In
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Superconics
Animation
Code

Why Superconics?
Cye H. Waldman
There is a plethora of super thisandthat running around the
mathematical world these days: superellipse (and its 3D cousin,
superquadrics), supercircle, superparabola, superhyperbola, and
superformula. So why do we need superconics?
Superconics is a system of curves, based on the conic sections, for two
and threedimensional shapes. With the exception of the superformula,
all of the above are subsets of superconics. In one equation,
superconics describes all of these and more. Moreover, it is amenable
to exact mathematical analysis. Specifically, a single analytic
solution gives the area, centroid, moments, and volume of bodies of
revolution over the wide range of variables embraced by superconics.
Superconics provides a systematic set of functions for evaluation of
various problems. This has allowed us to extract certain mathematical
relations that may have gone unnoticed heretofore.
Superconics is essentially a twoparameter function, with one
additional switch that distinguishes elliptic/parabolic and hyperbolic
types. Extended superconics is a threeparameter function that provides
the full spectrum of curves between and beyond elliptic and hyperbolic
types. This function completely blurs the distinction between the two
types; you can transition smoothly between them. The extended
superconics likewise has a completely analytic solution.
As for the superformula, it’s merely an elaborate curvefitting
equation with four parameters in addition to axial scaling, cleverly
guised in mathematical notation. There are no mathematical properties,
per se, because it’s intractable. Its properties can only be determined
by direct numerical simulation; but then it’s doubtful that any of its
acolytes has ever looked.
In our studies of superconics we have come to develop new
understandings that can be readily ported to other areas of interest.
In the mathematical arena, we have demonstrated new relations between
volume and centroid and the plane curves that generate them.
In our studies of superconics in three dimensions, we have developed an
algorithm for 3D shapes that allow
the generating curve (or vertical
profile) to vary continuously while tracing out the base curve.
And that is why superconics.

Superparabola
A sampler of curves in the superparabola family. Note the pulse for large values of p.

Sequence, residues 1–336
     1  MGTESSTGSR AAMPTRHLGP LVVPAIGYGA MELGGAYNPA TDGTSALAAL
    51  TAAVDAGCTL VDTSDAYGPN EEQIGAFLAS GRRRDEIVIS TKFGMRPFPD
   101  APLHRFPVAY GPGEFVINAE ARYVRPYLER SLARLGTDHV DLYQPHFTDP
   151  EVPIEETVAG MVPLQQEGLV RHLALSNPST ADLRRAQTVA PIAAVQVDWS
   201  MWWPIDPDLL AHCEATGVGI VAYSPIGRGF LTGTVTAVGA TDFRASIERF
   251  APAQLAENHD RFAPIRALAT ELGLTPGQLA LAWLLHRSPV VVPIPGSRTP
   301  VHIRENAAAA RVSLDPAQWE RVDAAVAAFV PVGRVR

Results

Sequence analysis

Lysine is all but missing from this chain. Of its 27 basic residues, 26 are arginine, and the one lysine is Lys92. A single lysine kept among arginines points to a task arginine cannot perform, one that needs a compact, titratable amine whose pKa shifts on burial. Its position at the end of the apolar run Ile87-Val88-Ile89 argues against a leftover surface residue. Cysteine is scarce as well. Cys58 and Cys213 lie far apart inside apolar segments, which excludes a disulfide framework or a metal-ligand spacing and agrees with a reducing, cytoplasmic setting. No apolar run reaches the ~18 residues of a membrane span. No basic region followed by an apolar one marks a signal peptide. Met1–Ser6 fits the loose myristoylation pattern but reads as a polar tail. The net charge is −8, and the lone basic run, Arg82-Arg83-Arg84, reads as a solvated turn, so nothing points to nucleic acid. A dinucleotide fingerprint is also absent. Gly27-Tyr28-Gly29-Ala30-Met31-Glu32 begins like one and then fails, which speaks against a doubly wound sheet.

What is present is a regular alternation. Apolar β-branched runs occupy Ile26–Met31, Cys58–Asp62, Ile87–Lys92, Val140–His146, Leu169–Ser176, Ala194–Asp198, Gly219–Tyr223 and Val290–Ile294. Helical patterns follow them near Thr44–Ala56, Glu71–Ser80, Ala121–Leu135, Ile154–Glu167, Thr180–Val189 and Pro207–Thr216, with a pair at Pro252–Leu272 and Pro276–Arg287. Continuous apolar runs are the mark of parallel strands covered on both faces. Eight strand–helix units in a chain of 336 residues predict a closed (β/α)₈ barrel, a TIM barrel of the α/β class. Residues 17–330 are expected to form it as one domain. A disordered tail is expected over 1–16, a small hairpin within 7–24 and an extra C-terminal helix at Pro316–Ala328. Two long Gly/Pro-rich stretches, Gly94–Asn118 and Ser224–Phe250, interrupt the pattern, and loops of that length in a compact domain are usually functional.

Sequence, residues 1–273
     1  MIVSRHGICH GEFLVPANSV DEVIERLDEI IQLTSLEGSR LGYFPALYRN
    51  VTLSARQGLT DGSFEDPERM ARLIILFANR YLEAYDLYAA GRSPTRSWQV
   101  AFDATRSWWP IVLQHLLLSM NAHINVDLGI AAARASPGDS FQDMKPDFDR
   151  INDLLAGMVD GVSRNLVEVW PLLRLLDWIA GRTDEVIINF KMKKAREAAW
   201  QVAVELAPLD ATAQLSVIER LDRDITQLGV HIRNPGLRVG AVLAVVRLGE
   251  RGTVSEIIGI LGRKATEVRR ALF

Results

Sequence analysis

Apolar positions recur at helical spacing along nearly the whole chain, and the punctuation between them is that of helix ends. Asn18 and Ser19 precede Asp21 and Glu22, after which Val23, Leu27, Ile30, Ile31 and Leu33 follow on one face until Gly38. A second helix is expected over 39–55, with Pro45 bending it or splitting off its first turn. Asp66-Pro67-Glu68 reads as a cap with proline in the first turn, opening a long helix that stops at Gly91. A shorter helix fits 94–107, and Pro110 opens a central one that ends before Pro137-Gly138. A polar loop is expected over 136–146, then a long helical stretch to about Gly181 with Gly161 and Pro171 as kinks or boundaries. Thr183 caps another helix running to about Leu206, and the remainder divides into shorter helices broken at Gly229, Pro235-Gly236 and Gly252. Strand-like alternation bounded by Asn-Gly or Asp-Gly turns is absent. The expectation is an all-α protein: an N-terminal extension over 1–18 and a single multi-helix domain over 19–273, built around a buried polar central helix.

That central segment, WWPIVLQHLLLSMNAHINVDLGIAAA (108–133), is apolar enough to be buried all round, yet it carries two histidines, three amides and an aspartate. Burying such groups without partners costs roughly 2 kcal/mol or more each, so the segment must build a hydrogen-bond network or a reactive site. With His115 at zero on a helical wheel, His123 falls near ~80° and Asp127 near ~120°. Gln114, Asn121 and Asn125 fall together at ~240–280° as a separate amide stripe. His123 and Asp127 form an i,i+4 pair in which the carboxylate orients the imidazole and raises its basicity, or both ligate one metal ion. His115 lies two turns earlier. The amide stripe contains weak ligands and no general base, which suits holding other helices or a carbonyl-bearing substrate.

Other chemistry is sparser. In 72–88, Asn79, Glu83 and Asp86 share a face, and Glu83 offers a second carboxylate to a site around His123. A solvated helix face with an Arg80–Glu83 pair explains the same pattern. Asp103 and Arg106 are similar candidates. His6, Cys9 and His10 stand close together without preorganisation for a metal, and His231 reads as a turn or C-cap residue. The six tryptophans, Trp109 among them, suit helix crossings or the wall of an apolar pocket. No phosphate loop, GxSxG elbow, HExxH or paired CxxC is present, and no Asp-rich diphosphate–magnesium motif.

We define superparabola as a parabola
raised to a positive power
greater than or equal to zero. Example:

Superellipse
A
sampler of
curves in the
superellipse family. Note the cusp for small values of p.
The superellipse, also known as the Lamé curve, is used in the
following form for the cylinder footprint:

Superconics:
Hyperspheroid
and the equations .
. . . .

Another Version of a Superconics Hyperspheroid


Methods: Writing the Program
All 3D figures and
animations were created with a program developed by the authors. The
crux of the program is the spherical product routine that is
essentially the product of a matrix and a diagonal matrix. The input
parameters are an nbyn matrix (nbyn column vectors for the vertical
ribs) and an nvector (the planiform curve). These are as
expressed complex variables; in the matrix, the real and imaginary
parts are the radial and vertical components of the vertical ribs,
respectively.
In the main
program, the nbyn matrix is calculated sequentially around the
planiform based on the local vertical profile. All the vertical
profiles are superconics, but the need not be. Toroids and Mobioids can
be created with a few control parameter settings. And the same program
applies to the extended superconics with 3 parameters or complex
parameters.
We have used the
same program to create 3D forms from regular and star polygons, cuspids
and rosettes, Reuleaux triangles, superformulas, and more, even
fractals (imagine a Koch snowball created form Koch snowflake).
Moreover, any of these forms can be mixed and matched; the program does
not care.
In addition, we
have used the same program, albeit with some ad hoc modifications to
create twisted cylinders, the Archimedean hoof, sphericon, tractroid,
and more.

Copyright Notice:
The animations and all images within are under copyright by Cye Waldman
and may not be copied, electronically or otherise, without his express
permission.
Dr. Cye
Waldman, cye@att.net